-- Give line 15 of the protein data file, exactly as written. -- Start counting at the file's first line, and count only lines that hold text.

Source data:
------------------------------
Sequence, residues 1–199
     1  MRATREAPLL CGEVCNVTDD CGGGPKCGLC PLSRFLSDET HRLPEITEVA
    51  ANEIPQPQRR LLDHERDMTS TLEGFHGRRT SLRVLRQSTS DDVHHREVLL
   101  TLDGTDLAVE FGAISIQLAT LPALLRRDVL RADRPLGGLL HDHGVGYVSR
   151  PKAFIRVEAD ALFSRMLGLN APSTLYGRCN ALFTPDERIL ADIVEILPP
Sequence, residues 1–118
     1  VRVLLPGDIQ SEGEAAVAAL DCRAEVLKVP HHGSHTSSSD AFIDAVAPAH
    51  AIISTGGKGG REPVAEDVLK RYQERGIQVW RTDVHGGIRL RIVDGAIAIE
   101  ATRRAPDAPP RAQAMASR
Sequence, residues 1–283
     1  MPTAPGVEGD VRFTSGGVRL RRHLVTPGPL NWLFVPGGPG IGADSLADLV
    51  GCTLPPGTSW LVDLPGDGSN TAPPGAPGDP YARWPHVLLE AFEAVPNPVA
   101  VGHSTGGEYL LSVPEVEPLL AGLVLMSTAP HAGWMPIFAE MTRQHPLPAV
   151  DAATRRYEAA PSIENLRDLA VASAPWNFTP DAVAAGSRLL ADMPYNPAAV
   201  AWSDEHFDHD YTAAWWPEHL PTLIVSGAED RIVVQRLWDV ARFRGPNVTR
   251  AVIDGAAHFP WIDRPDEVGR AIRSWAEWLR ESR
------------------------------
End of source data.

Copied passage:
   201  AWSDEHFDHD YTAAWWPEHL PTLIVSGAED RIVVQRLWDV ARFRGPNVTR